Publishing to Word Storyboard

Written by — Posted in Articulate Presenter

PowerPoint is the ideal content creation tool for media-rich presentations and e-learning courses. Articulate Presenter is, of course, the best way to publish your finished product to the Web or your LMS. So what’s the missing ingredient here? Collaborative development.

Whether you’re the member of a marketing team working on the quarterly update for your VP, or a subject matter expert working with a designer, everyone needs a little help from a friend or colleague.

PowerPoint isn’t the best at handling collaborative content development, but Articulate Presenter allows you to leverage the built-in “Track Changes” feature of Word.


How? you ask. Simple. Use Articulate Presenter to publish your PowerPoint content to a Word Storyboard. You can publish the entire contents of your PowerPoint file (images, notes, etc.), or you can choose to publish only the notes. Here’s how to do it:

  1. Go to Articulate -> Publish.
  2. Select Word Document.
  3. Choose Word Storyboard or Word Notes.
  4. Complete the Publish Wizard as normal.

Once you’ve created your Word doc, you can email it around for input and ask your team to send the document back to you. Then it’s a matter of a simple cut ‘n paste job back into PowerPoint (for text), or incorporating any other feedback your team may have.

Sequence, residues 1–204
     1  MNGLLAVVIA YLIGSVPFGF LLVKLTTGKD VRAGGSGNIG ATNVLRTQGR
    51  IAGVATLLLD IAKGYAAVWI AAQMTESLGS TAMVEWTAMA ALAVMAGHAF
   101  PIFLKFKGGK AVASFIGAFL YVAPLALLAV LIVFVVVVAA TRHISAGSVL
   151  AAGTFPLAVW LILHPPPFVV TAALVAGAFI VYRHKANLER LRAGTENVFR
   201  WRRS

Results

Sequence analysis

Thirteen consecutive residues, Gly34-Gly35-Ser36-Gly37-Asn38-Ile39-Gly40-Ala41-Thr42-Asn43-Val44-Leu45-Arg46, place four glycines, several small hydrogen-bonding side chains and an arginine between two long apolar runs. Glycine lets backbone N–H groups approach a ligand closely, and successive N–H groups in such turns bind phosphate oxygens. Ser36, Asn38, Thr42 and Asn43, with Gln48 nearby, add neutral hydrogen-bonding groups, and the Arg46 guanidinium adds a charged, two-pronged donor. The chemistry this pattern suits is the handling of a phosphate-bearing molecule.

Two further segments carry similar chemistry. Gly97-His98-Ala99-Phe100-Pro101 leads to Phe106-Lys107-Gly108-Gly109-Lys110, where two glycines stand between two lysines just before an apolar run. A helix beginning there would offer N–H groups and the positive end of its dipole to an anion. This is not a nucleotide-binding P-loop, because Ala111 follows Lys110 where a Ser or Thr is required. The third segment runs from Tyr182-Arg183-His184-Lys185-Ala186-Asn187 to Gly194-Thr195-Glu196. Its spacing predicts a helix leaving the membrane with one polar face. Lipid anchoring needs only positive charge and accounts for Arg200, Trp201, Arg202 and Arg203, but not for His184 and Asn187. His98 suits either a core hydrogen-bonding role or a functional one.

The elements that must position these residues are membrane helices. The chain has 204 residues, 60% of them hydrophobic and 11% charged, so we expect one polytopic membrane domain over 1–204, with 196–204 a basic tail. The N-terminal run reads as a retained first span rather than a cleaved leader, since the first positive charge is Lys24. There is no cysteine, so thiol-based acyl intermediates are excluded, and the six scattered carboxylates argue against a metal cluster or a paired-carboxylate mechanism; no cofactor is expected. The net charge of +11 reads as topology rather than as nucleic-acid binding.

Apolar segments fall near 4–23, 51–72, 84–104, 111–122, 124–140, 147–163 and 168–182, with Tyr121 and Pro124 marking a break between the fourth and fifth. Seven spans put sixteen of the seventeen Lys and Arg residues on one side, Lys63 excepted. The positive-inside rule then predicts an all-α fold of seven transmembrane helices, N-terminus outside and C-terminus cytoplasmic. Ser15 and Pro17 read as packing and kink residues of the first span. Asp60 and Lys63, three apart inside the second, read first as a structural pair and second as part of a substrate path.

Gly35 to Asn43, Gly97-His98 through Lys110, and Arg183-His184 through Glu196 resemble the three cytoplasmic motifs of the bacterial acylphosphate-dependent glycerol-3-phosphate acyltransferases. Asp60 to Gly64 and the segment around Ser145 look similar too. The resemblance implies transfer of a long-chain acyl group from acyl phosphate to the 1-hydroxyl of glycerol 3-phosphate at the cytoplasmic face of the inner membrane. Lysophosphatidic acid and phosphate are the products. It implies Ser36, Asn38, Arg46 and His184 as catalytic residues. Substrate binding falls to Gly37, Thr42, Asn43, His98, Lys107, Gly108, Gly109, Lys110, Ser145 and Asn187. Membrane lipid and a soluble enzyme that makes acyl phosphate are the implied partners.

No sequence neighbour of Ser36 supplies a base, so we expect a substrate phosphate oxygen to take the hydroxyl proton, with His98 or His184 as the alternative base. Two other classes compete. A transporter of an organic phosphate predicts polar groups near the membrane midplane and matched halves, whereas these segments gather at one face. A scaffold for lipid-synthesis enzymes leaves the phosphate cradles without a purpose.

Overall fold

You’ll even see helpful details about slide duration and whether the slide is set to advance automatically or by user.

Download sample Word Storyboard (you may recognize this Storyboard from the Intranet entry in this blog).

2 responses to “Publishing to Word Storyboard”


I’ve tried publishing to MS Word, but there is no “Word Storyboard or Word Notes” option. The sample storyboard file doesn’t look the same as the resulting Word file that I get. My Word document looks like what is described in your other tutorial ( I’m confused. Any help will be appreciated. Thanks!

Wes Lakenan // Posted at 12:09 pm on July 3rd, 2013

Hi there Wes!

The blog post is a few years old and for Presenter, so I’m not sure the options are going to be the same, especially if you’re using Storyline (that’s what I’m assuming, given that the results you’re seeing are similar to the ones in the other tutorial you linked).

If you continue to have trouble with this, you’re always welcome to post your questions over on our forums:

Thanks Wes and have a great day!

Christine Hendrickson // Posted at 5:33 pm on July 8th, 2013

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